There can be dozens of different reasons why a helpless animal is exposed to abuse, neglect or abandonment. As Calgary’s first animal welfare organization, we proudly combine our legacy of sheltering with a focus on protection upholding the Animal Protection Act of Alberta.

Our mission is clear and simple – to help as many animals as we can. In today’s complex and changing world, we know that to help as many animals as we can, we must be more than a shelter. We must be leaders in cruelty prevention and accountability to create a more compassionate tomorrow.


Abandonment, physical abuse and medical neglect are the top complaints our busy Peace Officers respond to each and every day, and WE NEED YOUR HELP.

Additionally, Peace Officers play an important role in educating the community on responsible pet ownership, and monitor animal welfare at premises where animals are for sale, hire, or exhibition.


Click the button above and help us continue to fight for animals facing cruelty and abuse.


We are Calgary’s only animal shelter that has a department of Peace Officers to respond to urgent neglect and abuse calls. Here are three examples of our fight:


Suspected Overdose Puppy

This story about ‘Royce’ shows the dedication our Peace Officers have to every animal. In April 2016,  Calgary Humane Society received word from Calgary Police Service about a suspected overdosed puppy they delivered to an emergency veterinarian clinic. Peace Officers immediately proceeded to the clinic and learned the puppy, Royce, had ingested opioids and cocaine which are both very lethal to a young dog.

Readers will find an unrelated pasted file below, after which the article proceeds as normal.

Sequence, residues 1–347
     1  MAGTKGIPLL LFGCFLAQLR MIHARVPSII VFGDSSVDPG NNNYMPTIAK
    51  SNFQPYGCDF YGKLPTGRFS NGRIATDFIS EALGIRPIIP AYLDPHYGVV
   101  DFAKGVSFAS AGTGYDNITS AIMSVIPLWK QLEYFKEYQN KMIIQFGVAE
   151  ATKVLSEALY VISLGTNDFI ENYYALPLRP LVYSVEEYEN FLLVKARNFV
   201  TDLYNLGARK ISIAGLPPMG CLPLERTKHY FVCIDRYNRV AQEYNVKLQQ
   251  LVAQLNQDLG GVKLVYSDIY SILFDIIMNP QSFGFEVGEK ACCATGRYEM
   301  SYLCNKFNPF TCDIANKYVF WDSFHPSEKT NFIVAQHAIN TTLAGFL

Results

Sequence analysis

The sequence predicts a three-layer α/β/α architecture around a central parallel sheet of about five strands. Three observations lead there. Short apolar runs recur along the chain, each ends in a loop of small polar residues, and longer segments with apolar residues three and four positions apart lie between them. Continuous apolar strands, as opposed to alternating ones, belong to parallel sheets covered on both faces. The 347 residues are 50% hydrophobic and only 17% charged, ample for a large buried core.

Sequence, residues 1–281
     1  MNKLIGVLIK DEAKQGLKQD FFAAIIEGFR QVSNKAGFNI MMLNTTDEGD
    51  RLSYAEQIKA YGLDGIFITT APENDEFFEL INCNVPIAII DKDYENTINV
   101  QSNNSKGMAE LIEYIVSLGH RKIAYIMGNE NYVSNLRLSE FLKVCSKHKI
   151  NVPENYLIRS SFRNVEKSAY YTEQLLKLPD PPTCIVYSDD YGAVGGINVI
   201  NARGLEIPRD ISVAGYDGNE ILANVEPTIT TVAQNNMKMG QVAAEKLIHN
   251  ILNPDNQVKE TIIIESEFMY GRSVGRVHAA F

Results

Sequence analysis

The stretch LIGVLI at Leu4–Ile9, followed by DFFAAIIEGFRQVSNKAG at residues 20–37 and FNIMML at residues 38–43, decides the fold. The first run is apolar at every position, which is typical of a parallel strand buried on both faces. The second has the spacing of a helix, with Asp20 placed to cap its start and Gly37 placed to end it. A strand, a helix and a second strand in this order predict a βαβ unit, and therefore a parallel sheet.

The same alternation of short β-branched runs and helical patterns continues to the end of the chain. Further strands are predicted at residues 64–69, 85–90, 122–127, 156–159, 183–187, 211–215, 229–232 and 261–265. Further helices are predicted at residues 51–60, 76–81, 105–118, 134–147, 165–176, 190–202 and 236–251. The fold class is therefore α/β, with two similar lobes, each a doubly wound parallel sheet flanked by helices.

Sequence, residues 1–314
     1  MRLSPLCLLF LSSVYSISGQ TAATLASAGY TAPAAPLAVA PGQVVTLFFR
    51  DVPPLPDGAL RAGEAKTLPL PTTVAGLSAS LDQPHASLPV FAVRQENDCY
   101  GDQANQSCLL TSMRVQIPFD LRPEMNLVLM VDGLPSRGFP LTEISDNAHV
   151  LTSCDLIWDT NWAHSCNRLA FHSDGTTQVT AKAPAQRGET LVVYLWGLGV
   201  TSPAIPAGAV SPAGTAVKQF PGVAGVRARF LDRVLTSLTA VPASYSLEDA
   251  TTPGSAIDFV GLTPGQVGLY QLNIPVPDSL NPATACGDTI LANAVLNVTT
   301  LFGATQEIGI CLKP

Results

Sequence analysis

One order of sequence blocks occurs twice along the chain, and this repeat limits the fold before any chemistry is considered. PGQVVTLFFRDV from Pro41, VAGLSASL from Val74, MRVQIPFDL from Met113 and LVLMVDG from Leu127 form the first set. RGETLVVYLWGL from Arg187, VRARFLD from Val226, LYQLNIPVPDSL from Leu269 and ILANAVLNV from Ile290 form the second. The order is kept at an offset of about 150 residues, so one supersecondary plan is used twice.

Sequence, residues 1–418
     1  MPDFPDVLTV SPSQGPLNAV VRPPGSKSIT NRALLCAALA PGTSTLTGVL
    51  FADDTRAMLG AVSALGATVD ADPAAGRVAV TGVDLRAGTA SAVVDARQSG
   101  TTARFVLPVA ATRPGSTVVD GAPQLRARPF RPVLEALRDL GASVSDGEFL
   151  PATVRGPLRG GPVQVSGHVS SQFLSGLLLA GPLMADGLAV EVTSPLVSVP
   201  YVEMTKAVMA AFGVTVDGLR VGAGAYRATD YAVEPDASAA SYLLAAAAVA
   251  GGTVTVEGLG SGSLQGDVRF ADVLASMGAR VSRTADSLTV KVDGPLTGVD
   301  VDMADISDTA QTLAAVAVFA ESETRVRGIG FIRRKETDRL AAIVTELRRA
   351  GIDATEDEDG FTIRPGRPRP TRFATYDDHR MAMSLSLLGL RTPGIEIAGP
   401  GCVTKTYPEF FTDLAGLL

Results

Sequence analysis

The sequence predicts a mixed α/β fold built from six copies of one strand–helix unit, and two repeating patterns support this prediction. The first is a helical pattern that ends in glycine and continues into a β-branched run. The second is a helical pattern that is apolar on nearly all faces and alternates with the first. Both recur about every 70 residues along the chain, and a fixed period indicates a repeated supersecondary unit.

Once stabilized, Royce was taken into custody by our Peace Officers and placed in a loving foster home to recover. Royce made a full recovery and was adopted by his loving foster family.



Precedent Setting Conviction

The hard work and patience of Calgary Humane Society’s Protection and Investigations department led to a large-scale seizure in late 2015. CHS Peace Officers had been monitoring a situation at Riverfront Aquariums for some time, and after three prior charges being laid and no changes, enforcement action was taken.

A total of 333 animals were seized and brought to the shelter. Through the dedication of our Peace Officers, and veterinarians, the court sentenced the owner of Riverfront Aquariums to a record-setting fine of $20,000 and a lifetime prohibition from owning or caring for animals (excluding fish and one family dog).



Charges in Hoarding Case of 89 Cats

On April 17, 2016, Peace Officers were dispatched to an animal hoarding situation where 89 Maine Coon cats needed to be immediately removed due to severe environmental and medical concerns. After diligent work by Peace Officers, charges were laid for permitting animals to be in distress and on June 16, 2017, following a guilty plea, the breeder was sentenced to $5000 fine and a lifetime prohibition from owning animals, with the exception of 2 fixed cats for which annual veterinary reports must be submitted.

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Click the button above and help us continue to fight for animals facing cruelty and abuse.


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